Don’t Resolve to be Someone You’re Not
December 30, 2013
Some of my favorite people in the world are crass, wildly inappropriate, and slightly neurotic. I’m not entirely sure why. Maybe because I admire (envy) their defiance of social conventional norms, or because they give me permission to express my own neuroses. Don’t get me wrong, if you’re constantly negative and raging, don’t expect to be invited over for dinner anytime soon; but an edgy personality with a sometimes bad-ass attitude – that’s kinda cool.
*Wait, did I get stuck in a time warp as a teen girl?*
2014 is upon us shortly and resolutions are sure to fill up our news feeds with various formulations of how to “be a better person” in the New Year. I guess it’s time for me to routinely put “be more patient” back on my list. I think I was 0.67% more patient in 2013 than 2012, so that’s, progress? At this rate, according to my rudimentary calculations, by 2050 I should be 27.38% more patient than I was in 2004. I will be slow and steady, always filter my words, and…
totally not myself anymore.
When our resolutions fail year after year, maybe it’s because we were never meant to be the ideals we have set for ourselves.
What happens when my crass friends clean up their language, or the inappropriate ones start acting prim and proper? They become less interesting versions of themselves. Instead of setting unrealistic virtuous goals, maybe we need to start expanding our definition of what makes a better person. I read a paradigm shifting book years ago called “Now, Discover Your Strengths”. The premise of the book is to overturn the common misconception of spotting our weaknesses and improving upon them. Instead, we ought to discover our strengths and spend our time and energy maximizing those areas. In other words, stop trying to be someone you’ll probably never be (i.e. a patient person), but become more fully who you are.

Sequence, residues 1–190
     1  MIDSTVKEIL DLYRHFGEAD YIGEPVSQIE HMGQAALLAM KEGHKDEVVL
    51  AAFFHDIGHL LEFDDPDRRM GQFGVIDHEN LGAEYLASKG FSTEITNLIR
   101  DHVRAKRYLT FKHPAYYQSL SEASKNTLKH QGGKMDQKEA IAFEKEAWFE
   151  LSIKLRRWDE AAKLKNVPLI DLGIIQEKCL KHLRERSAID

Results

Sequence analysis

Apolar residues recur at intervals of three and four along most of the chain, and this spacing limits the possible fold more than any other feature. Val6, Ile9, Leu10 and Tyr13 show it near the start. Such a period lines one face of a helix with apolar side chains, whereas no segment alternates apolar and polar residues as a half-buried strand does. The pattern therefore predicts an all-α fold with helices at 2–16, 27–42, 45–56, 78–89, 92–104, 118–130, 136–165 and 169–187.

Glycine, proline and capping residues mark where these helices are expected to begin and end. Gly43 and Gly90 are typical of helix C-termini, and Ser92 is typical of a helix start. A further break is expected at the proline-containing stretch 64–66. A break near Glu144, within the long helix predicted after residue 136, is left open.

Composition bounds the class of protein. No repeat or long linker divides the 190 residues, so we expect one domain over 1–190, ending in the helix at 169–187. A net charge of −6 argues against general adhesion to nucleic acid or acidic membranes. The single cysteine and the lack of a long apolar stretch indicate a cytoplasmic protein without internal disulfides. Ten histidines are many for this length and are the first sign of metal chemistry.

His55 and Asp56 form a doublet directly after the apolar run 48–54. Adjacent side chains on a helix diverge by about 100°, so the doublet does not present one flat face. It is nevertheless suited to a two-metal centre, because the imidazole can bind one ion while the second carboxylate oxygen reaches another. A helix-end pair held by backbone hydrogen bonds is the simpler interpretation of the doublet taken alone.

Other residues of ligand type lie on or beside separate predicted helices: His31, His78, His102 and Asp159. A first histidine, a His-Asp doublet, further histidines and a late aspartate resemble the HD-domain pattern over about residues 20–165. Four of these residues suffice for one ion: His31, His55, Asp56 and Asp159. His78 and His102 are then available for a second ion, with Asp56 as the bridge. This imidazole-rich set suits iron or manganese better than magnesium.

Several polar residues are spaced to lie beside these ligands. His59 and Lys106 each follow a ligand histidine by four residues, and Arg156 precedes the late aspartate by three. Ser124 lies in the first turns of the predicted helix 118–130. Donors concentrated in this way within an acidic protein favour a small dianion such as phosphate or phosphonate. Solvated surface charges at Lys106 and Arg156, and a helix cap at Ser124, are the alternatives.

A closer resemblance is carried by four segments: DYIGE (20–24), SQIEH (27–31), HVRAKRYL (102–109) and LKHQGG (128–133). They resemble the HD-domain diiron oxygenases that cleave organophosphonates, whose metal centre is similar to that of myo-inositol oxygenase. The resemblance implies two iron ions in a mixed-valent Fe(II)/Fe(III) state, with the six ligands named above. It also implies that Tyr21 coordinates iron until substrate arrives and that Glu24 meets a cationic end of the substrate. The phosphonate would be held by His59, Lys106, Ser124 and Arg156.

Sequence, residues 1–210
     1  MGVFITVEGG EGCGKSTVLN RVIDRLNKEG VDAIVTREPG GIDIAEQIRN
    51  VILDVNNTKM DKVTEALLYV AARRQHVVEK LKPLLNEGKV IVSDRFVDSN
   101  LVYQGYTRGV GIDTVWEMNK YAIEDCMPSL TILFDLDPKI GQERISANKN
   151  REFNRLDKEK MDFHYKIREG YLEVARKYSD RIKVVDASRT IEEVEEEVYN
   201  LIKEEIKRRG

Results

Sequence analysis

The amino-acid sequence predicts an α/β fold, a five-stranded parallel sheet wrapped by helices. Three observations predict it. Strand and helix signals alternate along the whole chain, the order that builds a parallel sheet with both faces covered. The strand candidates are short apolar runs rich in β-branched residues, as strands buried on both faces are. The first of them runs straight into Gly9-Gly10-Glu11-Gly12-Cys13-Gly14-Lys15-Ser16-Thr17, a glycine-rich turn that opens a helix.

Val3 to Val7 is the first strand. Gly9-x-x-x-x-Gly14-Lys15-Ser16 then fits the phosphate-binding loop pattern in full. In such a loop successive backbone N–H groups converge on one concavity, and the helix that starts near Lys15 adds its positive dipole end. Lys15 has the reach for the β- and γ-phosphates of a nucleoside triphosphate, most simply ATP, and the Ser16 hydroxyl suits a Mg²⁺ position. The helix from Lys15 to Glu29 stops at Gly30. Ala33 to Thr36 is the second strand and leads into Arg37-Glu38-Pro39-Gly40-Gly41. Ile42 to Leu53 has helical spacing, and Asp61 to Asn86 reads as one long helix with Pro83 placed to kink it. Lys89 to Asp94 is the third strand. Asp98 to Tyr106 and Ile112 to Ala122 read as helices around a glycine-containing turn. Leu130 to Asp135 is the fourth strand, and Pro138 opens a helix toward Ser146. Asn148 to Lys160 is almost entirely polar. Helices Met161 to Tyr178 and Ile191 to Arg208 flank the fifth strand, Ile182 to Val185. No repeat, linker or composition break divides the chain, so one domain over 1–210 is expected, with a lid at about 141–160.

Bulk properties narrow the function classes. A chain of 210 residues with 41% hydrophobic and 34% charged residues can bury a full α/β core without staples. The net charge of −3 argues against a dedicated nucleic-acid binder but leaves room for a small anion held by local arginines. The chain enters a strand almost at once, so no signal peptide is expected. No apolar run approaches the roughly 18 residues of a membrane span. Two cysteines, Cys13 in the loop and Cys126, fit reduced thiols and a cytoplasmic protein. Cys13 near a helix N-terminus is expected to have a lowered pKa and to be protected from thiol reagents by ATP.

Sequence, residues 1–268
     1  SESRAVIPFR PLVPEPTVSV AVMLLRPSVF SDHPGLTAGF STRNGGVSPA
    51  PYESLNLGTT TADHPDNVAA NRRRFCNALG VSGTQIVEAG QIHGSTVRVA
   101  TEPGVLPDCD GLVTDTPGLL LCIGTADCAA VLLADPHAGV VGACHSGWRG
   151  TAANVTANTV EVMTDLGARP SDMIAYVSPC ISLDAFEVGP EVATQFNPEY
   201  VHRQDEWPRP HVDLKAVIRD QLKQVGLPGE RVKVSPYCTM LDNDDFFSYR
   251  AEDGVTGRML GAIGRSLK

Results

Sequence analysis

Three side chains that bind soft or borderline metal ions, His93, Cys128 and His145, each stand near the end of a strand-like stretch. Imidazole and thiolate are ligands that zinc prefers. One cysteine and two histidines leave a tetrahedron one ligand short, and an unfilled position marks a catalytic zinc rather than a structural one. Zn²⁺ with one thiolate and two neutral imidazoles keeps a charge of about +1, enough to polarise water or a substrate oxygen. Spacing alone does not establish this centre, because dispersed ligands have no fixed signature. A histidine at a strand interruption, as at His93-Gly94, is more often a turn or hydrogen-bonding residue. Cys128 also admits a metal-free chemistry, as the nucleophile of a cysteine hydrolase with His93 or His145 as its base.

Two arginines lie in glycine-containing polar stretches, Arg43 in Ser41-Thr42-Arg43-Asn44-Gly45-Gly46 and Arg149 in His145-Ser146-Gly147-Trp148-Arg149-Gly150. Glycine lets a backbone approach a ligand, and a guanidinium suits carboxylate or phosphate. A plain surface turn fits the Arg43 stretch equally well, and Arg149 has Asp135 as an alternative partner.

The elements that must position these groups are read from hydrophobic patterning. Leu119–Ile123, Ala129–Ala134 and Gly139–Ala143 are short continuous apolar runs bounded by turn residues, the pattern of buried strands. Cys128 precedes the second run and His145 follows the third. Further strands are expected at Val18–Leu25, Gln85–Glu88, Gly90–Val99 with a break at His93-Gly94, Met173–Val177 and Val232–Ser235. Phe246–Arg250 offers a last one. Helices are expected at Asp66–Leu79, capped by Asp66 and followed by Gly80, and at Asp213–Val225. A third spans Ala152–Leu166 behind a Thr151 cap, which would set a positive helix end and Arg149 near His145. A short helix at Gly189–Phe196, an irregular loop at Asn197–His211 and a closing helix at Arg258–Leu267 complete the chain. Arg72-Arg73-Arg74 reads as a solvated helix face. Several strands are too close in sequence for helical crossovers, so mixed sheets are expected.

I found this idea not only practically helpful, but also theologically profound. Some of us inside Christian culture have made the mistake of truncating the gospel to a behavior modification system. Jesus is not Santa, constantly checking to see if we’re naughty or nice. He came to pave a way for us to become more complete versions of who God had created us to begin with. As Christians, we believe we are created in the image of God – a God who is kind, gracious, compassionate, and just. But let’s not forget Scriptures also depict a God who is jealous, angry, indecisive, and impatient. We have deemed certain character qualities negative and weak, when all along our perception of God-imaged creatures have been far too narrow. The diversity of human personality and range of emotions ought to be affirmed as good. We don’t only need Nice Christian people in our world – we also need people who are strong willed, quick-witted, creative, cynical, and yes, crass with a bit of a bad ass attitude.
What the gospel does require is for us to capitalize our strengths and orient them towards Truth, Beauty, Justice, and Love. We have been liberated from the behavior modification system in order to live into speaking life, creating beauty, fighting for justice, and loving unconditionally.
This year, don’t resolve to be someone you’re not. Resolve to live more fully into this life.